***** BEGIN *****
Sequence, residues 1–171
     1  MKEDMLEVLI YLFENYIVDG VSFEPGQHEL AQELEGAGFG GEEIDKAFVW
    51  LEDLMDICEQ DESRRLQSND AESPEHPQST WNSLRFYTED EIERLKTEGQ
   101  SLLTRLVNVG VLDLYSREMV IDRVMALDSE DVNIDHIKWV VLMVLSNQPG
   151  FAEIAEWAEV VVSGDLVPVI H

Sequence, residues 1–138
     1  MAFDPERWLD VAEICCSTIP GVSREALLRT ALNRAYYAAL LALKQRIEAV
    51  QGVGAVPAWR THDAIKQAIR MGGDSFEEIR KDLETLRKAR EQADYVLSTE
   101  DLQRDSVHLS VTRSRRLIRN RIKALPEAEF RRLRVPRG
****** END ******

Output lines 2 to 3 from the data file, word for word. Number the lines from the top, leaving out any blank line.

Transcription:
     1  MKEDMLEVLI YLFENYIVDG VSFEPGQHEL AQELEGAGFG GEEIDKAFVW
    51  LEDLMDICEQ DESRRLQSND AESPEHPQST WNSLRFYTED EIERLKTEGQ